And if that doesn’t work? Reinvent yourself. Figure out how to make your situation work for you. After three years of unemployment at the age of sixty-four, he finally found work again and has been gainfully employed for the last year. Today’s youth-centric culture did not play fair with him. Yet, he didn’t make excuses. Didn’t give up. No one wanted to hire a sixty-two-year-old man when they could hire someone straight out of college for a lot less money. However, he persevered and he took the lemons life handed him and he squeezed them until he had lemonade. Again, he never gave up. He’s always been convinced good things will come his way if he remains steadfast and works hard. And it has.

What a great lesson for aspiring writers. Publishing that novel you’ve written could take years. Don’t write it and sit on your laurels. Get started on the next story. And if you haven’t found your niche yet, think about different directions your writing could take. So many novels seem to cross genres today, figure out where you could blur the lines and appeal to a new audience. Redefine yourself. Go indie, go hybrid. Diversify.

My dad is also an avid golfer. He can outplay the best. Any writer can take this lesson to heart, too. Knowing when to work and then knowing when to play is an important skill. Recreation and time away from work makes you a better worker, a better writer, and a better person.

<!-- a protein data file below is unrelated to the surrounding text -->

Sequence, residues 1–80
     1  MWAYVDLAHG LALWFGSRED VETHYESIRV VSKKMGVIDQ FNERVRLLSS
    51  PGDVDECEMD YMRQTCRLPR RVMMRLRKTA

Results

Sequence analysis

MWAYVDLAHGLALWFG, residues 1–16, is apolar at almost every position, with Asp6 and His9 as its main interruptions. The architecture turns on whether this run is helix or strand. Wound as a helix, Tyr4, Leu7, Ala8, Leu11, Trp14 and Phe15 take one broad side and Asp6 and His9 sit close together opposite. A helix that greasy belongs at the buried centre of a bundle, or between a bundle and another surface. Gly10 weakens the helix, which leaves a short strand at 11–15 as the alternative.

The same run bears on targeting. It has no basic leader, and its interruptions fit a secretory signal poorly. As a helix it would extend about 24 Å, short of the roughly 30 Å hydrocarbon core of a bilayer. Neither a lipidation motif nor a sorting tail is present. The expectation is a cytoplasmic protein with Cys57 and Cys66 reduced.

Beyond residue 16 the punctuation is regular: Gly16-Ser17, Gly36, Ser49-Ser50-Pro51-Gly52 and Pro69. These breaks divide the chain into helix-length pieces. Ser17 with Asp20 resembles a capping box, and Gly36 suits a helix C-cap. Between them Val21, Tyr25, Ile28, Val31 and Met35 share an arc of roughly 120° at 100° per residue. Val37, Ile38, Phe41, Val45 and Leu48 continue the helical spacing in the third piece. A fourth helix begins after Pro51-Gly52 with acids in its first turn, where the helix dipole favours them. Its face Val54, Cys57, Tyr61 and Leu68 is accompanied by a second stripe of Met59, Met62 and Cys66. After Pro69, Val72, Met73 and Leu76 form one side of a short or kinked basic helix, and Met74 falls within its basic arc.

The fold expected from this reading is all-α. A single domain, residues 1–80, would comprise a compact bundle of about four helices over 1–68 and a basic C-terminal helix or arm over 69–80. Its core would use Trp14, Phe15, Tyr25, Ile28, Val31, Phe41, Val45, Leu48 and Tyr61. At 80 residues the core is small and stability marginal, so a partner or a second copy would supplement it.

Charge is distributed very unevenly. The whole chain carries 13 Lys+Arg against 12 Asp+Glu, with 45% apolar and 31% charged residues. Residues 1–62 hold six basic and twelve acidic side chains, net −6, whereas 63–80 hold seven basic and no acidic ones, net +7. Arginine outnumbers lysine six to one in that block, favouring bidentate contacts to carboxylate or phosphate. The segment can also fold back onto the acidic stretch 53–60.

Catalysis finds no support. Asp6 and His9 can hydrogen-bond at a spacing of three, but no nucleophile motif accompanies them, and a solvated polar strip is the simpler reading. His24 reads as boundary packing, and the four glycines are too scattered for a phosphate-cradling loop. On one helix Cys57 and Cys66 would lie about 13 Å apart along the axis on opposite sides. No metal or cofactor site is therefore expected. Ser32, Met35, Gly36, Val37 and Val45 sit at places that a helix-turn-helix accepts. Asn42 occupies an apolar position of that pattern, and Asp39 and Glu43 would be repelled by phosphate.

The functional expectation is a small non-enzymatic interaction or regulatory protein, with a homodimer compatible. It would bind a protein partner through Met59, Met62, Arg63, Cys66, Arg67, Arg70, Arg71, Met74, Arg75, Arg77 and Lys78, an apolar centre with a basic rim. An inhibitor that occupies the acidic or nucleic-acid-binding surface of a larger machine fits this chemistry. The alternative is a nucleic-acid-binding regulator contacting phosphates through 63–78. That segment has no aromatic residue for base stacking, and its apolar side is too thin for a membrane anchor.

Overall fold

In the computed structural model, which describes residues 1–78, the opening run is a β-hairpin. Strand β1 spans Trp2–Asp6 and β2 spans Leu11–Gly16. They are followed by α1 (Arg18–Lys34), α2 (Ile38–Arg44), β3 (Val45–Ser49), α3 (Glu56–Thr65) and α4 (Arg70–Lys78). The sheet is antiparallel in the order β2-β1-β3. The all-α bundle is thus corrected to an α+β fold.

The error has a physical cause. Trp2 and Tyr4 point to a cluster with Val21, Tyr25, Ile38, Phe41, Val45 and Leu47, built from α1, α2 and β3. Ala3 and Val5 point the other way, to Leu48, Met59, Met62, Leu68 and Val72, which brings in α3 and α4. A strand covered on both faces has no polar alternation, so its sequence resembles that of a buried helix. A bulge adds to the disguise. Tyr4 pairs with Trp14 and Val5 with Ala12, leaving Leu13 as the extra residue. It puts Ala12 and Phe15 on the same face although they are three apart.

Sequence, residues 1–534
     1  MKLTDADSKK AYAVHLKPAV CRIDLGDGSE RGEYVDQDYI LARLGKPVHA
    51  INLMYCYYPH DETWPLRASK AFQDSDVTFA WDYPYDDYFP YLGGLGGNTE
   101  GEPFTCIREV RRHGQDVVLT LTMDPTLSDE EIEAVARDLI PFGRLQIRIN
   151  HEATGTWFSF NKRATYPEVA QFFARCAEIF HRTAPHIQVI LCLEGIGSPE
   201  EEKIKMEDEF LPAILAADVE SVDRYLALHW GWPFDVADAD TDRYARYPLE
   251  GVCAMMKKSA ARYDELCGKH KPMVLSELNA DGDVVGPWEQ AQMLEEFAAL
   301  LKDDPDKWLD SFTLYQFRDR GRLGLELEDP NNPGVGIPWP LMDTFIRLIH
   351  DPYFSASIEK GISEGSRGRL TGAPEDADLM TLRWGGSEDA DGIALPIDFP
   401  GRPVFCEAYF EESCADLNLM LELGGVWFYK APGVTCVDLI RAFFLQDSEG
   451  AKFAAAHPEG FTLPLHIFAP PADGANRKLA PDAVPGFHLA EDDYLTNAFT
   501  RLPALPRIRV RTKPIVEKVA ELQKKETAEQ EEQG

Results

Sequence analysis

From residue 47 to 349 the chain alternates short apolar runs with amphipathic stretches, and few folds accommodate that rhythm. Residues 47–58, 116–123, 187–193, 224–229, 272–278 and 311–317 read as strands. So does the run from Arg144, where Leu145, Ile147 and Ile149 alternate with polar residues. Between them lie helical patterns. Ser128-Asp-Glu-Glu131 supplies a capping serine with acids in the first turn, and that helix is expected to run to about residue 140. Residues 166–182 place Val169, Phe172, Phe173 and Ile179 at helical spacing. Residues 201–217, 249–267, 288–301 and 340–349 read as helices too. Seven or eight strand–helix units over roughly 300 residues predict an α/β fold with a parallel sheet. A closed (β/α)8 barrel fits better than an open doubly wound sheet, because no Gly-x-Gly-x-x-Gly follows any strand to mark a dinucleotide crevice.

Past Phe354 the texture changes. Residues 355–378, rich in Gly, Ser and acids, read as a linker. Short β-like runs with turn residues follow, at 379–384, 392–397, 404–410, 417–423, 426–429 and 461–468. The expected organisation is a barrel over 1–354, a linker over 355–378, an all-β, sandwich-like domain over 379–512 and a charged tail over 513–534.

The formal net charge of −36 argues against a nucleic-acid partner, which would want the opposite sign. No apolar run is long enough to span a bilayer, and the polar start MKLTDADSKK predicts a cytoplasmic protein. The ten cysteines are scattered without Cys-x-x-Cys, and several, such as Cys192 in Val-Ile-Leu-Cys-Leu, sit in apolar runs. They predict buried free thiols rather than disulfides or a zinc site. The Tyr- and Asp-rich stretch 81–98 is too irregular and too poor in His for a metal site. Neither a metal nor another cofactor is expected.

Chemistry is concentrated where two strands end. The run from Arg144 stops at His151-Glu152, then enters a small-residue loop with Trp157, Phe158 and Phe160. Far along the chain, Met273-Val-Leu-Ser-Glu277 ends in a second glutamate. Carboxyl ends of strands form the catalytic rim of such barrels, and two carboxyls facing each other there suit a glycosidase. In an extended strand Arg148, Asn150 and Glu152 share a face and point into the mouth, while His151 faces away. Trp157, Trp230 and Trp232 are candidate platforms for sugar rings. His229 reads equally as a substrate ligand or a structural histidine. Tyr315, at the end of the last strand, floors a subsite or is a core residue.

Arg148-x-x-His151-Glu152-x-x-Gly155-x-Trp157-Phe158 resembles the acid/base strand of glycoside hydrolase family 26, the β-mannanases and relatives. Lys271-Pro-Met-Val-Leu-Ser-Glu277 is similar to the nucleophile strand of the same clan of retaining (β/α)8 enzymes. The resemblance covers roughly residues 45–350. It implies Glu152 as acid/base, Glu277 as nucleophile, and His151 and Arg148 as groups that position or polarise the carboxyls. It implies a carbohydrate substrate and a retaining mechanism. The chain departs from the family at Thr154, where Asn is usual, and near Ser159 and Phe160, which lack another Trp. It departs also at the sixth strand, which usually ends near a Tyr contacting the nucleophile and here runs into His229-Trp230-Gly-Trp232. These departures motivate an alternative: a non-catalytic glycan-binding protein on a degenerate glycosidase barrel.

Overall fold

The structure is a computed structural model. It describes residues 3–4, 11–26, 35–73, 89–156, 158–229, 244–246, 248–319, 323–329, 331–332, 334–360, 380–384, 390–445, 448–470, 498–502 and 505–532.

So wherever you are right now, remember to thank your dad for the invaluable lessons he taught you over the years. Hug him. Tell him you love him. Give thanks that you are, in part, the person you are today because of his guidance. Happy belated Father’s Day! We couldn’t do it without them.

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This entry was posted in Mementoes by Mackenzie!, Soul Mate Publishing and tagged , , , . Bookmark the permalink.

One Response to A Writer’s Tribute to Dad: The 5 Invaluable Lessons My Dad Taught Me

  1. C.D. Hersh says:

    Well said Mackenzie.